Zika Virus Linked To Guillain-Barre
Experts from the U.S. Centers for Disease Control and Prevention recently headed to Puerto Rico to study the possible link between the virus and increased cases of people developing the rare neurological disorder Guillain-Barre syndrome. Puerto Rico has only just started getting cases of people with the Zika virus and Guillain-Barre syndrome, so the government is hoping to get a head start on trying to control and treat the virus before the outbreak spreads even farther.
Health officials have noted a significant increase in Guillain-Barre syndrome in areas infected with the Zika virus. Guillain-Barre syndrome is a rare neurological disorder, in which the immune system attacks part of the nervous system. It usually begins soon after a person has caught the virus. The disorder causes the gradual weakening of the legs, arms, and upper body. Some people become totally paralyzed. People usually recover within six months, but a recent study found that a large number people who developed Guillain-Barre from a Zika infected country still experienced motor deficits or weakness even after six months. This could mean the Zika virus not only increases cases of Guillain-Barre syndrome, but it also worsens the symptoms.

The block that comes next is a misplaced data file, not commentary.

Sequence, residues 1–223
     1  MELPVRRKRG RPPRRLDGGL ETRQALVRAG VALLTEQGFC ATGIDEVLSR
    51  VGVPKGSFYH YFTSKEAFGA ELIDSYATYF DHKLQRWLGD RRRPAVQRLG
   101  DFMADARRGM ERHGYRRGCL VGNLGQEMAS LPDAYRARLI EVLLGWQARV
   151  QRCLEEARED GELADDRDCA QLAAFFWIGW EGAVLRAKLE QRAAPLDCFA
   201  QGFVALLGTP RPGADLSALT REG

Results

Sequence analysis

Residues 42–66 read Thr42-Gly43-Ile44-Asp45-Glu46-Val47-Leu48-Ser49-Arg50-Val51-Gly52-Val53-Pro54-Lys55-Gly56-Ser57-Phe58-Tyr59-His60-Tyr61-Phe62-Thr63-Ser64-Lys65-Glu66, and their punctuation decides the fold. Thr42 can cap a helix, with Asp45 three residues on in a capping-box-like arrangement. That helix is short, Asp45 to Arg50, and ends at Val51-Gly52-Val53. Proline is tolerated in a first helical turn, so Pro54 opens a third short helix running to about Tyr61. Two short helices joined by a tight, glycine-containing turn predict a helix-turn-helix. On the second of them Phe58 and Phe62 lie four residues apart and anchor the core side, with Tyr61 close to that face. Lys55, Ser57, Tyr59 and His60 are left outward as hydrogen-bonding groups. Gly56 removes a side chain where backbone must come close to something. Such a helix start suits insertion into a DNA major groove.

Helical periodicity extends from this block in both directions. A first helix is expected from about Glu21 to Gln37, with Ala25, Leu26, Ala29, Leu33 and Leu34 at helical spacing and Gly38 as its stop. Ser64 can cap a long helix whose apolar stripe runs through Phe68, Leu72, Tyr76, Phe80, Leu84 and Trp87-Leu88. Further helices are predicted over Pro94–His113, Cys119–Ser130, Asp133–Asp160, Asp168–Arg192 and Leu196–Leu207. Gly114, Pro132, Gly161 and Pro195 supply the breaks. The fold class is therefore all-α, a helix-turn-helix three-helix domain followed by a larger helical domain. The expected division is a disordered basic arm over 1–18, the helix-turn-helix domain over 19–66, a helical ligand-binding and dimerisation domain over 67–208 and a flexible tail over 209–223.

What do you think of this possible link between the Zika virus and Guillain-Barre syndrome? Do you think this study in Puerto Rico will prove successful, and get us one step closer to ending this outbreak?